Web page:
Qualcomm’s Not So Good, Very Bad Day Could Get a Lot Worse If Apple Demands a Do-Over

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Last month, Qualcomm Inc. (NASDAQ: QCOM) and Apple Inc. (NASDAQ: AAPL) announced a settlement in the long-running dispute between the two companies over Qualcomm’s licensing fees for its modem chips. The settlement would have been worth between $4.5 billion and $4.7 billion to Qualcomm.

Tuesday’s ruling by Judge Lucy Koh in U.S. District Court may provide Apple an opportunity to avoid that cash penalty. In her ruling on a case brought against Qualcomm in 2017 by the U.S. Federal Trade Commission (FTC), Judge Koh ruled that the company had illegally suppressed competition in the cell phone chip market and used its market dominance to charge excessive licensing fees for its technology.

Qualcomm must stop threatening to cut off chip supplies to customers that refuse to pay the company’s licensing fee even when the customer uses a chipset from another supplier. In other words, once a customer used a Qualcomm chip the customer was locked into an agreement to continue to pay Qualcomm a licensing fee forever.

Judge Koh ruled that Qualcomm must reach or revise agreements with existing customers without using the same anti-competitive practices. The company also must license its patents to rivals at fair, reasonable and non-discriminatory (known in the industry as FRAND) prices.

In January, short seller Kerrisdale Capital Management predicted that Qualcomm would lose this battle with the FTC. According to Kerrisdale, under Qualcomm’s existing pricing the company sells its chips for a fixed amount, say $20, and charges phonemakers a license fee that could be as high an additional $20, a royalty payment that Apple once called “extortion-level.”

The judge’s ruling is a big problem for the company’s revenue and profit streams. Assume that Intel also sells a modem chip for $20 plus a modest FRAND fee of $1.50 payable to Qualcomm. Under patent law, Qualcomm could no longer charge the additional $20 smartphone license fee. Qualcomm’s price for the chip would have to drop from $40 to no more than $21.50 to be competitive. That’s a serious problem because technology licensing revenues represent about a third of the company’s total.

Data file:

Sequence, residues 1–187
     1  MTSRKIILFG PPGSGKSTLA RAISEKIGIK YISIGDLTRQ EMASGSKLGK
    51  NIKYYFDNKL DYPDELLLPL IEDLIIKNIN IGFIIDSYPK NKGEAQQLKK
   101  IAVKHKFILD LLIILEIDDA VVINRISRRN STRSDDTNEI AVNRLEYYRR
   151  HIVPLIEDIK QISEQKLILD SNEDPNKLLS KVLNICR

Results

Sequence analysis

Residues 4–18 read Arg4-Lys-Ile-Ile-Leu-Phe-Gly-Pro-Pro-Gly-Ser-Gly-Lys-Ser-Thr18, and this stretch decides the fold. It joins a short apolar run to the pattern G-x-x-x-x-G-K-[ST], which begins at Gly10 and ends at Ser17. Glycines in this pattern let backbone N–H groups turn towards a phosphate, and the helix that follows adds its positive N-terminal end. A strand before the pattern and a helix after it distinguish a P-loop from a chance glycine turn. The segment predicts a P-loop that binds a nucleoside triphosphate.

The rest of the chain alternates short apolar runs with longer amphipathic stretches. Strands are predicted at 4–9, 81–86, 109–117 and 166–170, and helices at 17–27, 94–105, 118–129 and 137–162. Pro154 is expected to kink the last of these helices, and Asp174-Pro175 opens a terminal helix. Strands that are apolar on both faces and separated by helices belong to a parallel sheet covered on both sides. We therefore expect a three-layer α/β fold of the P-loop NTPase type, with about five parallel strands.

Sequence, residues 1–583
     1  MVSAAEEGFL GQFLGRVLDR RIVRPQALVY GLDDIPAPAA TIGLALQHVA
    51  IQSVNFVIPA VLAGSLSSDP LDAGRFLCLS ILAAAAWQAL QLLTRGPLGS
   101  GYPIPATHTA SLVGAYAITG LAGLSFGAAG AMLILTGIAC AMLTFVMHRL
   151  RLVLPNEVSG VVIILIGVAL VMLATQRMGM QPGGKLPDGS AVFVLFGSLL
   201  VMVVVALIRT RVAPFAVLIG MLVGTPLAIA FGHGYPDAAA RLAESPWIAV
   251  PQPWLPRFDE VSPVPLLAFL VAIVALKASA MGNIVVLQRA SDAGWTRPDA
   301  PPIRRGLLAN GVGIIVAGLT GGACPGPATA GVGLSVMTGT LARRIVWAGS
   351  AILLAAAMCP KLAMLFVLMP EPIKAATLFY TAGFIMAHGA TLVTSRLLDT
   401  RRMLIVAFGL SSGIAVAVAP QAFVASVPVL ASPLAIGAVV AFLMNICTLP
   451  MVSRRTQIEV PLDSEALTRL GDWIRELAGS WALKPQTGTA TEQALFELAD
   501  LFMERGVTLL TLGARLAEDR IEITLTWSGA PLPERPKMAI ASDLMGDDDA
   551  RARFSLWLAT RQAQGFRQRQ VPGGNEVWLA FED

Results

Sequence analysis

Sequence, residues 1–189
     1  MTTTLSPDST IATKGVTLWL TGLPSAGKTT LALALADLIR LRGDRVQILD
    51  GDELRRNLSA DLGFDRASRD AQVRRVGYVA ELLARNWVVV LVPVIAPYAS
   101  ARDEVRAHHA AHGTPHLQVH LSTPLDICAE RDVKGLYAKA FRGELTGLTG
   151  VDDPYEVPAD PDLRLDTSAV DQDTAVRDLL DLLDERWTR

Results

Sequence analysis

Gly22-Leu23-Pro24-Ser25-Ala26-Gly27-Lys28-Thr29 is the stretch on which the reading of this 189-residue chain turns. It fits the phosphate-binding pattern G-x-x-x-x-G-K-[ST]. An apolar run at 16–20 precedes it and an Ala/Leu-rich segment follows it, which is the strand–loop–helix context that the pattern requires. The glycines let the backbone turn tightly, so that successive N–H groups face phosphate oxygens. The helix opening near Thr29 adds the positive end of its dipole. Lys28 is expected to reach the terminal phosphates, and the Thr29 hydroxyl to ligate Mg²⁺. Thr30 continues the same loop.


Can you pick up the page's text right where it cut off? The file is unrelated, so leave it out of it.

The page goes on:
Qualcomm’s settlement with Apple was a calculation by Apple that it risked not having modem chips with 5G capability available unless it got them from Qualcomm. No other company has been able to manufacture one, and Apple couldn’t afford to be further behind Samsung (in a 5G-marketing sense) than the Cupertino giant already finds itself.

While we don’t know for sure what kind of new agreement the two companies came to, Apple now has some pretty firm ground for renegotiating the settlement if it includes a royalty (FRAND) payment of more than a nominal amount. That $4.5 billion that Qualcomm was expecting from Apple may just have flown out the window.

Qualcomm has said that it will seek an immediate stay of Judge Koh’s ruling and pursue an expedited appeal in San Francisco’s Ninth Circuit Court of Appeals. The company’s general counsel said the company disagrees with Koh’s conclusions, “her interpretation of the facts and her application of the law.”

Qualcomm stock traded down more than 10% in the noon hour Wednesday, at $69.50 in a 52-week range of $49.10 to $90.34. The 12-month consensus price target on the stock is $96.59, a target that is certain to be lowered in the next few days.

Qualcomm and Apple are both considered to be among the world’s most innovative companies, and they each have one of the highest paid chief executives.

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